fired and has had difficulty securing
gainful employment since.
Karmella was the first violinist
in the Philharmonic Orchestra until
the application. Since then, she has
only found part-time work. She has
taken up painting and is particularly
interested in Jewish art and Jewish
themes in art.
The Raizes have taken part in
seminars on Jewish culture, history,
modern Israel and Hebrew held in
the homes of various refuseniks. For
these activities, they have been
harrassed by the local police and
vilified in the local press. On
February 11, 1987, the Raizes were
told they would not be allowed to
leave for Israel until at least the
year 2000.
They have two sons, Moshe, 12,
and Shaul, 7.
Letters of support can be sent
to the Raizes as follows:
USSR
SSR
Lithuanian, Vilnius, Charno 18-4
Raiz, Vladimir

a little differently and the past
always tends to look better with the
patina of age. Remember there are
ups and downs of nostalgia.
• Second, if there are children
involved, remember to take a break
and take them on an outing. When
my sister and I have not seen each
other for a long time, my children
sometimes feel like outsiders (this
can be true for spouses as well).
• Finally, be realistic about

undertaking projects — better to do
something modest and well, than to
plan something so ambitious, it is
never completed.
Why bother with a family
reunion? In our fast-paced society,
where names and places change at
the drop of a hat and our lives are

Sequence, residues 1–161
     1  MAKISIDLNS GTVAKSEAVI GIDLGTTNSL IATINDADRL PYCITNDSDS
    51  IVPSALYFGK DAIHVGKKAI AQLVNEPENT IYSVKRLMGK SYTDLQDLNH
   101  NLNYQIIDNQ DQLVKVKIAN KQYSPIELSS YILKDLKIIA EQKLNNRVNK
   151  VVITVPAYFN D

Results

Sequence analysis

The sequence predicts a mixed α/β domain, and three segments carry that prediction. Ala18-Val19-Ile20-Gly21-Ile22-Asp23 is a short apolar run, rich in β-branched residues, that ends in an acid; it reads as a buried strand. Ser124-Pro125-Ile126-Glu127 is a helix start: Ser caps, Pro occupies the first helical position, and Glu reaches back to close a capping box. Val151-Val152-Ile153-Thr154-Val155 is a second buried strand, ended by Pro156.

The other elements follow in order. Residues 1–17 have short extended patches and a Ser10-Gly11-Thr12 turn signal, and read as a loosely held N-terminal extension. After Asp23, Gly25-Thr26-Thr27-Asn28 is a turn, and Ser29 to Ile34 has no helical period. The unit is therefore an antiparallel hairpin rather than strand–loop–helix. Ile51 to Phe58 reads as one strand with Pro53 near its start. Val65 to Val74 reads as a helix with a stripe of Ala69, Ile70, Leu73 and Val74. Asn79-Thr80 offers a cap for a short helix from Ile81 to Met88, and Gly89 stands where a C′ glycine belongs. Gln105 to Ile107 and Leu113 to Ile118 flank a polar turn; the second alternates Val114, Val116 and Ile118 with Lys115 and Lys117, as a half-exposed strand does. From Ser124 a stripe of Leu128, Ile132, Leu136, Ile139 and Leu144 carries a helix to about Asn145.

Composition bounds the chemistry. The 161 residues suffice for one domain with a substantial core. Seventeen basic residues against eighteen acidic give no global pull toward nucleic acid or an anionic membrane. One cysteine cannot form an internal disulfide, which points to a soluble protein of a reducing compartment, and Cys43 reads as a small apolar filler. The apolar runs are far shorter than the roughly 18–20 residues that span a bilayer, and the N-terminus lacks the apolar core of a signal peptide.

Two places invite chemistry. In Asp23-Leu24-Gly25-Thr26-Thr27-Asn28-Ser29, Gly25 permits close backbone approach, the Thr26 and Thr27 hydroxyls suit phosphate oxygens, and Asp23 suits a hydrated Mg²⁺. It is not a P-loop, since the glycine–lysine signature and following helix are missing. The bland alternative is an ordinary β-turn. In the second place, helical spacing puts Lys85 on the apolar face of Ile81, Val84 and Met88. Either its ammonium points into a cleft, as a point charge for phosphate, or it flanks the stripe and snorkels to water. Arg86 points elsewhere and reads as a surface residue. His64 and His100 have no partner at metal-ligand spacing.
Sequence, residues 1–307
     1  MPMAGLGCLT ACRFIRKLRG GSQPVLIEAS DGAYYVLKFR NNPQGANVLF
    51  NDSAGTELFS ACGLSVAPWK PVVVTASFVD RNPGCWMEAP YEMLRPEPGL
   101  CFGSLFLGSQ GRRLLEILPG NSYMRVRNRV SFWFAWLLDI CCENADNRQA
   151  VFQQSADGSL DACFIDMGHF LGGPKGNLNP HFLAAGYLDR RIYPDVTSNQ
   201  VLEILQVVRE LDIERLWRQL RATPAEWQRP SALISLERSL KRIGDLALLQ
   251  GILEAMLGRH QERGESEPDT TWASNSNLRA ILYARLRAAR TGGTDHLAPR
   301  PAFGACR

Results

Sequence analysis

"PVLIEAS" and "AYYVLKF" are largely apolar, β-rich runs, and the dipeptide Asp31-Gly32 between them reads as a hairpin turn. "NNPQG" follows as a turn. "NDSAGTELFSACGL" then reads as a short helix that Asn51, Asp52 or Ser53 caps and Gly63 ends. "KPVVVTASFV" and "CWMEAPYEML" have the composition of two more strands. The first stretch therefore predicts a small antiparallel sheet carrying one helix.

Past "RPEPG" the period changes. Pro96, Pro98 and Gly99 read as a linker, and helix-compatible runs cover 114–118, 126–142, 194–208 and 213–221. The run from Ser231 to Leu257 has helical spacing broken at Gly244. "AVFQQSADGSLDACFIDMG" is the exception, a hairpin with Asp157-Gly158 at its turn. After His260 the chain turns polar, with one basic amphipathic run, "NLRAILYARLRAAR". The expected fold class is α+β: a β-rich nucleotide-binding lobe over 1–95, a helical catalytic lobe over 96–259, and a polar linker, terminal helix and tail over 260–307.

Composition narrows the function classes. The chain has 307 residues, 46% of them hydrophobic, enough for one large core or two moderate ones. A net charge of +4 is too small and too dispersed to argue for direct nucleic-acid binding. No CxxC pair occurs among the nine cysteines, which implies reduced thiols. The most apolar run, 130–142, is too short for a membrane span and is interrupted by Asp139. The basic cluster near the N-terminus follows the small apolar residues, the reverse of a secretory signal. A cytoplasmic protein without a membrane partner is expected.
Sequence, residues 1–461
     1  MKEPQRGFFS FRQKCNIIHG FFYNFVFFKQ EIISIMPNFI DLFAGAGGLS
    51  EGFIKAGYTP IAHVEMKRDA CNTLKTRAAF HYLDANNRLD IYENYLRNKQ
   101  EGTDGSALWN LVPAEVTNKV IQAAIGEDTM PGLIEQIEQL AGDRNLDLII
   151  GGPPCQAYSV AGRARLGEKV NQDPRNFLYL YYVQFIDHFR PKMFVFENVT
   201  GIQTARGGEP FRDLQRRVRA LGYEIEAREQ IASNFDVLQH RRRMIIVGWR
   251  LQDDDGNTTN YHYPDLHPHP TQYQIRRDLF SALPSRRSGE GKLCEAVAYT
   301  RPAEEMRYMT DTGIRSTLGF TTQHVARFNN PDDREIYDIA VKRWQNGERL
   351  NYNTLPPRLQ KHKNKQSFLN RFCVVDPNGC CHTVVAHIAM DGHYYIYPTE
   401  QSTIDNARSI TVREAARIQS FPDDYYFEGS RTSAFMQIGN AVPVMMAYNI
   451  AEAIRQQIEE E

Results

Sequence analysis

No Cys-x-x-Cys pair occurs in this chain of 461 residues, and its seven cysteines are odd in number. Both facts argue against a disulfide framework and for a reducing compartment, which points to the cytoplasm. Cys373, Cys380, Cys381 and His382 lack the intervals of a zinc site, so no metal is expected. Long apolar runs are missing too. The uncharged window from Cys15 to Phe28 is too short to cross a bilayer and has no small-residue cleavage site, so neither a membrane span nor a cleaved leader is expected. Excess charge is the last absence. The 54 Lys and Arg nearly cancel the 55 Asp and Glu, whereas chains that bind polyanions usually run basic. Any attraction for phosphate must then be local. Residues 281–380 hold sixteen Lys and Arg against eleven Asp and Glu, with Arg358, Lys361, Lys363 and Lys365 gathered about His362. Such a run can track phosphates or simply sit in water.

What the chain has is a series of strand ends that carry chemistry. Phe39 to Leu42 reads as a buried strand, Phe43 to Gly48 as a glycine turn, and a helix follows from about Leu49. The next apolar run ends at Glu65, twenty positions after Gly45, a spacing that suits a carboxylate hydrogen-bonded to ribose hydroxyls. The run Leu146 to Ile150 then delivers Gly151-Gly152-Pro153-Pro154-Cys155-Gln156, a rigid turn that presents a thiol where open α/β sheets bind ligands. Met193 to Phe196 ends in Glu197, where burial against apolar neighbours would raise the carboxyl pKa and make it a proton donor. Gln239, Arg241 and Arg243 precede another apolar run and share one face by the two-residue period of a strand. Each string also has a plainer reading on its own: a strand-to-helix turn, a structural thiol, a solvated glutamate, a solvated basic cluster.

in flux, history provides stability —
what better investment in your
family's future is there than giving
them a sense of the past?

Family Reunions:
How To Do Them

Give people lots of lead time —
begin planning early. In this world,
calendars are planned months in
advance.
Give people deadlines to which
to respond with things being
collected.
Let relatives know well in
advance if the reunion will require
financial participation and how
much.
Keep a card file with names
and addresses, birthdays of each
family member — flight

arrangements, hotel
accommodations, as well as any
other items that need attending to
can be noted on the cards.

Try to plan a mix of activities for
the event. Allow time for family
members to just relax together.

Badges, T-shirts, a family coat
of arms on a sweatshirt are all
wonderful souvenirs to carry away
from all family reunions. Local
novelty suppliers are great
resources for these items.

CALENDARS

The Jewish Engagement Calendar 5750. The Jewish
Calendar 1990 (art illustrations from the collection of Hebrew
Union College Museum). The Jewish Book of Days. The Jewish
Family's Book of Days.

CHILDREN'S BOOKS

Beni's First Chanukah by Jane Breskin Zalben. The Tale
of Meshka the Kvetch by Carol Chapman. Tell Me a Trudy by
Lore Segal.

ADULT BOOKS

Louis G. Redstone: From Israeli Pioneer to American Ar-
chitect (an autobiography). The Jews in America (gift book of
photographs that explore Jewish life in America) intro by Chaim
Potok. Is Your Dog Jewish? (Jewish book of questions) by Leo
Dworken. The Hadassah Magazine Jewish Parenting Book
edited by Roselyn Bell. The New Crowd: The Changing of the
Jewish Guard on Wall Street by Judith Ehrlich and Barry
Rehfeld. Balaam's Curse: How Israel Lost Its Way and How
It Can Find It Again by Moshe Lehem. A Peace to all Peace:
Creating the Modern Middle East 1914-1922 by David Fromkin.

Available at Book Beat, 26010 Greenfield, Oak Park.